If ever an image were to make you look twice, these intricate and infinitely layered digital collages from Womankind by María María Acha-Kutscher will do it. Yes, collages! Composed with hundreds of tiny fragments from the internet, magazines, books and the artist’s own photographs, each image is principally concerned with the two key historical moments for women’s emancipation; the British suffrage movement of the early twentieth century, and the introduction of the pill in the 1960s. Reclaiming each tiny piece from its original context and repurposing it in this way allows María to reconsider the meaning within a private, woman-centric sphere.
She explains: “Womankind seeks to redefine the meaning of the images upon which the history of women has been built since the invention of photography, where traditionally they have been relegated to the background in paternalistic, hegemonic stories. In my collages, I rescue a female historical memory, reflecting both our political struggles and the complexity of our private worlds.”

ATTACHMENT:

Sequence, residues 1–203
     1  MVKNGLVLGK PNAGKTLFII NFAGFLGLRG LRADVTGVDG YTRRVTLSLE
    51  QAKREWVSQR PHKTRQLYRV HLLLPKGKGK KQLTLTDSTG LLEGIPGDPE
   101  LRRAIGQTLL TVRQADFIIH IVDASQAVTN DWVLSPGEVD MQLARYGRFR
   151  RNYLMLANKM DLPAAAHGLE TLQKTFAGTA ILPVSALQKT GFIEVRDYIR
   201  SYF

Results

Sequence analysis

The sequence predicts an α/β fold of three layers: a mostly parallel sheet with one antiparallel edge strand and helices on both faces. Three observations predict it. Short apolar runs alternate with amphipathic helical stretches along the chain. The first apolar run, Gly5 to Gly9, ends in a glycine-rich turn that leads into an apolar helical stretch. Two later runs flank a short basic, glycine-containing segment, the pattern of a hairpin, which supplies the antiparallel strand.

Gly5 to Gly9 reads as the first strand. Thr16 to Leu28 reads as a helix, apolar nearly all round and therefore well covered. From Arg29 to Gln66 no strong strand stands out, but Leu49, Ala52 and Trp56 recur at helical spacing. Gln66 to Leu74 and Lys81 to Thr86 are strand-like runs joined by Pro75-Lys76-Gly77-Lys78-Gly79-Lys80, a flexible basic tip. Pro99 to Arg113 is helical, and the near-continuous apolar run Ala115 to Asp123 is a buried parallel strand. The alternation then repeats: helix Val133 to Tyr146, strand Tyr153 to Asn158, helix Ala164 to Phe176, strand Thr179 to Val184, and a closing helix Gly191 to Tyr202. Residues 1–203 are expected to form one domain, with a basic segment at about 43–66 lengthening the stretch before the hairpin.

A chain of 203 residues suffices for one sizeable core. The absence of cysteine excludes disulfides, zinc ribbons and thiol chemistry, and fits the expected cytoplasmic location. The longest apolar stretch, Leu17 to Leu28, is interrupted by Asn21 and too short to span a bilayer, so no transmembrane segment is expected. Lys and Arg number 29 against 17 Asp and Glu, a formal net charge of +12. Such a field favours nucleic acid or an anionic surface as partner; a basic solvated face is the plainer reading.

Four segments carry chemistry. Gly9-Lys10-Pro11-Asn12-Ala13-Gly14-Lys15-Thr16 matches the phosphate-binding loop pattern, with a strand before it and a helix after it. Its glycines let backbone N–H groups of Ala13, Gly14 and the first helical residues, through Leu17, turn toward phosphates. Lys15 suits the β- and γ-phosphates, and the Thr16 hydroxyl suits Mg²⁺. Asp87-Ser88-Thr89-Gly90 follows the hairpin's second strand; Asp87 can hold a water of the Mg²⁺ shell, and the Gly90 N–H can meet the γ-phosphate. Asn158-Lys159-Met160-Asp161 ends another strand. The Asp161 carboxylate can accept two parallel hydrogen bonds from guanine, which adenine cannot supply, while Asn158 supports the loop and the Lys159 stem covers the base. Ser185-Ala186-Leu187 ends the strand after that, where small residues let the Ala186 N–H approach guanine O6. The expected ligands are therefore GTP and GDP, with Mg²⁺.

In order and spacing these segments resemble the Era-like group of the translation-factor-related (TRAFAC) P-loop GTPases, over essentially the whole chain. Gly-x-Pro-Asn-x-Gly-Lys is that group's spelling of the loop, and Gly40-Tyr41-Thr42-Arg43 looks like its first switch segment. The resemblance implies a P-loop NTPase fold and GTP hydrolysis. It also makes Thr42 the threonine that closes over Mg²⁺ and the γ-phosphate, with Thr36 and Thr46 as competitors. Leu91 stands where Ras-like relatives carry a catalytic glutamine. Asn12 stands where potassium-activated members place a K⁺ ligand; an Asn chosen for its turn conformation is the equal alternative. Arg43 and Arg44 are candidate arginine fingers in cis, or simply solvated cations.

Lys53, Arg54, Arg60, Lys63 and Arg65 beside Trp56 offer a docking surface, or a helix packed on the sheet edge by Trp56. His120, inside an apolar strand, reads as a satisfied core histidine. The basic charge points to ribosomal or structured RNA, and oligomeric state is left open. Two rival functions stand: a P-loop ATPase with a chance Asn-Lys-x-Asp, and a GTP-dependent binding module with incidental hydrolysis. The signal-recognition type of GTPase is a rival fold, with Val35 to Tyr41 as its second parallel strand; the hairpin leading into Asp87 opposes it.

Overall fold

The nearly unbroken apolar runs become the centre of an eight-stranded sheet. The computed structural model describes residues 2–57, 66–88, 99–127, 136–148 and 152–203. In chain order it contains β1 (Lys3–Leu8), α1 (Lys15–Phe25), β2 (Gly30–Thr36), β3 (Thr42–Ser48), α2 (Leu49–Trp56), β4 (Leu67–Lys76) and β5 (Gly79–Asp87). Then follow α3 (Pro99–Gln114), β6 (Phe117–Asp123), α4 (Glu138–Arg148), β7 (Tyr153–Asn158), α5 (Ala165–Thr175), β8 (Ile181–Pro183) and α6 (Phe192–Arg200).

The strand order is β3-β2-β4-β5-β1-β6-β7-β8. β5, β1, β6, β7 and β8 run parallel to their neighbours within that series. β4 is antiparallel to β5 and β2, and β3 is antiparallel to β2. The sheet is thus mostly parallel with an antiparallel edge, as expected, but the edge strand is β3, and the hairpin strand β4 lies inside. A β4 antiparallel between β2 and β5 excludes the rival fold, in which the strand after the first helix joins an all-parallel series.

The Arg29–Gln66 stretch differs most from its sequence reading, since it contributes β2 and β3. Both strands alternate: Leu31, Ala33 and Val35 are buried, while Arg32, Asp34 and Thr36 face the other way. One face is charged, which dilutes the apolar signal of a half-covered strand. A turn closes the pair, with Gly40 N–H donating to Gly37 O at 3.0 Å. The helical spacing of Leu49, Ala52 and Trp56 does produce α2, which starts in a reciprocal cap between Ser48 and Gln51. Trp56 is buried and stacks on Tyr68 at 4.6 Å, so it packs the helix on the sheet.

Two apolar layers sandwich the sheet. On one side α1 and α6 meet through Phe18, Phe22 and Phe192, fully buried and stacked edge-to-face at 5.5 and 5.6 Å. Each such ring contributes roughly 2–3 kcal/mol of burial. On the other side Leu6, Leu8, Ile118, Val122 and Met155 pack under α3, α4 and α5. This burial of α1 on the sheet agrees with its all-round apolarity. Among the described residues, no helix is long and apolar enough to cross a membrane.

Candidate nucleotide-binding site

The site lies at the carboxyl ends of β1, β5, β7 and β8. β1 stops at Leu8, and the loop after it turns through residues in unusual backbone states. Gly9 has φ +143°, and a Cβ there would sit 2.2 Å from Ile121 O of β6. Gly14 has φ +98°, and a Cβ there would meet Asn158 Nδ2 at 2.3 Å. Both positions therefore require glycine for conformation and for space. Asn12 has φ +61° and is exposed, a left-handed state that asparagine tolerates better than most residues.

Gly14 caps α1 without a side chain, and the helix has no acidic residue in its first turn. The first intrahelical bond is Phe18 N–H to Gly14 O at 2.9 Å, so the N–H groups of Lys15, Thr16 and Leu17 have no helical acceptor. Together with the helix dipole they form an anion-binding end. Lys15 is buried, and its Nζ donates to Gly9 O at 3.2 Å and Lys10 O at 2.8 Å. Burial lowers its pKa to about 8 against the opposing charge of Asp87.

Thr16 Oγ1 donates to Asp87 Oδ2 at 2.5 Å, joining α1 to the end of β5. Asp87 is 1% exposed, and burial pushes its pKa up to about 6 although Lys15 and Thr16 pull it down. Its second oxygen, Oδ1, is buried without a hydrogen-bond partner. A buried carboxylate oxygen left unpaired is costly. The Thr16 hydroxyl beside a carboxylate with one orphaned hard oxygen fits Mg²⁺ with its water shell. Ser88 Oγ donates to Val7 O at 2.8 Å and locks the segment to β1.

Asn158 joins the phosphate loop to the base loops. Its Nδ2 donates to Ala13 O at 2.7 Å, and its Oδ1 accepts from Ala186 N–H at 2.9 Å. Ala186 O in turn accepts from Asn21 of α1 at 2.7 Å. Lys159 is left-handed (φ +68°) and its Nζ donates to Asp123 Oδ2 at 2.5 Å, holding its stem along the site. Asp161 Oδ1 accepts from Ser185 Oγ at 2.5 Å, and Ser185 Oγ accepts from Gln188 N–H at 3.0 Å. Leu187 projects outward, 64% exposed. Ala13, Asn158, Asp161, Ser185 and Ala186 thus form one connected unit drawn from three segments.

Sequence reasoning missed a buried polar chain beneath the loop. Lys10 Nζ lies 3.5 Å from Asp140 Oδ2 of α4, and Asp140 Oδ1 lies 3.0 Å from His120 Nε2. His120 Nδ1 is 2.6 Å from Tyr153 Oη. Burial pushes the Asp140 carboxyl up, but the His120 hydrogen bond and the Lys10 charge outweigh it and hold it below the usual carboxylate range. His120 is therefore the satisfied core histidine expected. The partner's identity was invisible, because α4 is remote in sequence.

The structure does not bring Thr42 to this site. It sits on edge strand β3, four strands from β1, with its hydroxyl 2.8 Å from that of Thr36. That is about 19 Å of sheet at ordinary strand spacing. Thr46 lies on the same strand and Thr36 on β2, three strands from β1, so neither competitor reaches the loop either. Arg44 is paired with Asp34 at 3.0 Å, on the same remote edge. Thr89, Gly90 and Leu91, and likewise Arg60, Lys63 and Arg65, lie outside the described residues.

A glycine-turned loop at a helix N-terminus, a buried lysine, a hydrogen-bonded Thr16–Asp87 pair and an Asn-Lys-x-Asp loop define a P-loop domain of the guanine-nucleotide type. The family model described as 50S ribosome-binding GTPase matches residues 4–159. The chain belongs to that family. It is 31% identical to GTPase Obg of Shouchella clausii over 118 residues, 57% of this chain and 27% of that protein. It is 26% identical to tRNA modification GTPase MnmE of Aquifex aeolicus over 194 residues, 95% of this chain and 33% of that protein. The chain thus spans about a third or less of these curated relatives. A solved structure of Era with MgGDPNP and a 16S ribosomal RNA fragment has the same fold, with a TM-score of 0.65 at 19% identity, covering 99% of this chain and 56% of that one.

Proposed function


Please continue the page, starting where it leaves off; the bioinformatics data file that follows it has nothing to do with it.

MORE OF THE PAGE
- You lucky devils, it's Best of the Web!
- Bogdan Ceausescu and Sebastian Pren experiment with grids and shapes in their latest zine
- Friday Mixtape: Illustrator and guitarist Sophy Hollington's *feels* mixtape
- Photographer Anastasia Korosteleva's waterborne portraits of Maldivian girls
- We caught up with photographer Adama Jalloh
- Seoul studio Everyday Practice talks about its collaborative approach to design
- Animator and director James Curran’s amusing 30-day Gifathon project in Tokyo
- Photographer Sophie Mayanne’s new personal project celebrates imperfection (NSFW)
- Animator Saiman Chow’s trippy idents for Adult Swim’s Rick and Morty
- The daily grind: Louis Quail’s photographs of fascinatingly mundane offices
- "Before I was a graphic designer I had nearly no idea what one was": meet Austin Redman
- Matthew Raw: the east London artist making clay great again